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Chris Rothwell, director of education, Microsoft UK

Top tips for a sustainable approach to innovation

These days, we usually associate the word ‘sustainability’ with the environment, but colleges and universities also need to keep their technology sustainable. >>

Students using VR headsets in the classroom
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Students using VR headsets in the classroom
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Kurt Weideling

Technology can enhance education. Here's how

From the virtual learning environment that underpins the day-to-day study activity at many UK colleges and universities, to the use of digital lecture capture, enabling students to review and absorb information anytime and anywhere, technology is embedded within today’s student experience. >>

Students working at the Unversity of Northampton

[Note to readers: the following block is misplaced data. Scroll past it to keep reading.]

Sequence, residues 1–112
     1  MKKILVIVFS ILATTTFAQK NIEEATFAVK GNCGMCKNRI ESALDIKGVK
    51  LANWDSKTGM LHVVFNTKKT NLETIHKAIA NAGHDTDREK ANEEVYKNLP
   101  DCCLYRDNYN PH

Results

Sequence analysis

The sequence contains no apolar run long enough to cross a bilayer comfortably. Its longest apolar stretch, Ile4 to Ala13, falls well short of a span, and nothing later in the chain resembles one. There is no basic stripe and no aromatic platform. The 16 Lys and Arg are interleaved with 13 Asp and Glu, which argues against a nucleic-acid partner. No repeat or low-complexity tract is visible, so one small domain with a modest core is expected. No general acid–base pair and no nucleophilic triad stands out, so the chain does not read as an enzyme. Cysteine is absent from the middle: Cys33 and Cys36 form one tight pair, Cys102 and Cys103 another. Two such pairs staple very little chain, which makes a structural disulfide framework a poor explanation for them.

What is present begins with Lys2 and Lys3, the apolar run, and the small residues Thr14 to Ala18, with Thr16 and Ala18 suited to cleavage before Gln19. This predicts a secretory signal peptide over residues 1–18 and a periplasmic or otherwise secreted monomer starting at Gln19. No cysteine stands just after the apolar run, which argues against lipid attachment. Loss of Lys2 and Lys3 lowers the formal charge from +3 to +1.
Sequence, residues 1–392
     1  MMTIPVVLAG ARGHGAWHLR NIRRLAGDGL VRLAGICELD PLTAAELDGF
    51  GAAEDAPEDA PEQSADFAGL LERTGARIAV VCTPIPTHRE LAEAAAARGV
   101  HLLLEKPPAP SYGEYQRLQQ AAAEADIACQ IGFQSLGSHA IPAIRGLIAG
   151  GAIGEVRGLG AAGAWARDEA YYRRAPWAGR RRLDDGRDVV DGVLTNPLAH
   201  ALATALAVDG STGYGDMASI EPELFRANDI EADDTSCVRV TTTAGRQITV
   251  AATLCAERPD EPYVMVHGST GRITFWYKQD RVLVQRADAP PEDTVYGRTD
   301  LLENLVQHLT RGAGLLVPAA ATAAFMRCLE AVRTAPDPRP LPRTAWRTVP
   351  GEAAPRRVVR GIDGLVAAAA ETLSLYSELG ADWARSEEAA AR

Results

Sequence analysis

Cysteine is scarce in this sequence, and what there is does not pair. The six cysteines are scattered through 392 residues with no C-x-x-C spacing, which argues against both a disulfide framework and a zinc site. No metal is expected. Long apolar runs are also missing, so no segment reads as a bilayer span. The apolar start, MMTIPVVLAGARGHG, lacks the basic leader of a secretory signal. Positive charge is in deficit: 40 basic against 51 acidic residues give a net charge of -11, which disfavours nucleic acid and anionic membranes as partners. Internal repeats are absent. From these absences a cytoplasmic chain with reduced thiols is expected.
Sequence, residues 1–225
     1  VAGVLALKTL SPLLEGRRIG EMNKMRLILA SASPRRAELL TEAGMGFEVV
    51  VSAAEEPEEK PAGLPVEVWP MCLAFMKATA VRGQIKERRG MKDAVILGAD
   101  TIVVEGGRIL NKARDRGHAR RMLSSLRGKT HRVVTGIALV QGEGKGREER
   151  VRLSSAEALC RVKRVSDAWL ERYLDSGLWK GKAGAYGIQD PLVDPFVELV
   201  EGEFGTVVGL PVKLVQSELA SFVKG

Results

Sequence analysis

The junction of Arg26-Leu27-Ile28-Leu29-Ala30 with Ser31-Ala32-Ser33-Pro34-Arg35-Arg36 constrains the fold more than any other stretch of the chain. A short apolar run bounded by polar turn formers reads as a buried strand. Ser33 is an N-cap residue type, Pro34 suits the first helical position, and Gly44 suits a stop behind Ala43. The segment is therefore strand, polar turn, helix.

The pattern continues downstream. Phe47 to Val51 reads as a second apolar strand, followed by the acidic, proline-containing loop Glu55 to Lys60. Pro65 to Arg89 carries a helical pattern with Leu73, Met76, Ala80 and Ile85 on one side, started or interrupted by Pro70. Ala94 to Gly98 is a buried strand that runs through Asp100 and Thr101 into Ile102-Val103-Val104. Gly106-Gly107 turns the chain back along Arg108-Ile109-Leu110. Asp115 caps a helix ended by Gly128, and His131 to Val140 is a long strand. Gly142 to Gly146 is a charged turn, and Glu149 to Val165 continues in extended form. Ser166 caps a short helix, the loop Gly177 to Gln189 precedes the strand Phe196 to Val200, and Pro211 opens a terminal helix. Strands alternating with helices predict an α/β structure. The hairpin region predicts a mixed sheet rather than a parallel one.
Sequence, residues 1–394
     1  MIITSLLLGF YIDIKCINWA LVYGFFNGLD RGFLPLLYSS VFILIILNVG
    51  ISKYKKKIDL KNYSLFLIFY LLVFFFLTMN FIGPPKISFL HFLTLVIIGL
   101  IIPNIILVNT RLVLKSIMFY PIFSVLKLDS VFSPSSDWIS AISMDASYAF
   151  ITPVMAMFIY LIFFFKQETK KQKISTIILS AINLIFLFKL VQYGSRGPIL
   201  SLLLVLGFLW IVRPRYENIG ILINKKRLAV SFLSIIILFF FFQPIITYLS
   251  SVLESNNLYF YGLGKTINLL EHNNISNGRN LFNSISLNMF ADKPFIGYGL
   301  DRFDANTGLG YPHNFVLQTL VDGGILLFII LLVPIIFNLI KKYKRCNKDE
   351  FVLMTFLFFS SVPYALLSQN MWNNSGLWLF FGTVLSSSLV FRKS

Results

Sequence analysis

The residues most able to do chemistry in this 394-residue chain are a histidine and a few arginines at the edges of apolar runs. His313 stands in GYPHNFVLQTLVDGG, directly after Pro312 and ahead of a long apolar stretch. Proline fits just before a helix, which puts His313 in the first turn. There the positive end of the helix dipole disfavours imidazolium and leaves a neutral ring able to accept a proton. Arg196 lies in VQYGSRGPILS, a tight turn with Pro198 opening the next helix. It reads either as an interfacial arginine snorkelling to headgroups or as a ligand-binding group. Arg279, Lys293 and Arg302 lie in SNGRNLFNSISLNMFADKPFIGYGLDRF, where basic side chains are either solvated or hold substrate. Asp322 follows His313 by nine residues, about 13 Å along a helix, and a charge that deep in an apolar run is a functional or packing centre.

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Students working at the Unversity of Northampton
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Paul Bailey

Are we ready for AI?

With our lives increasingly affected by artificial intelligence (AI), there's a need for a big conversation that reaches beyond technologists. >>

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Beth Singler

It’s time to take state-sponsored cyber attackers seriously

The volatile nature of geo-politics - particularly in the Middle East - means that as I write, it’s a difficult time to identify the existential threats of nation state cyber crime to our sector. And very tricky indeed to invest smartly and wisely to provide a balanced approach to cyber resilience.   >>

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Mick Jenkins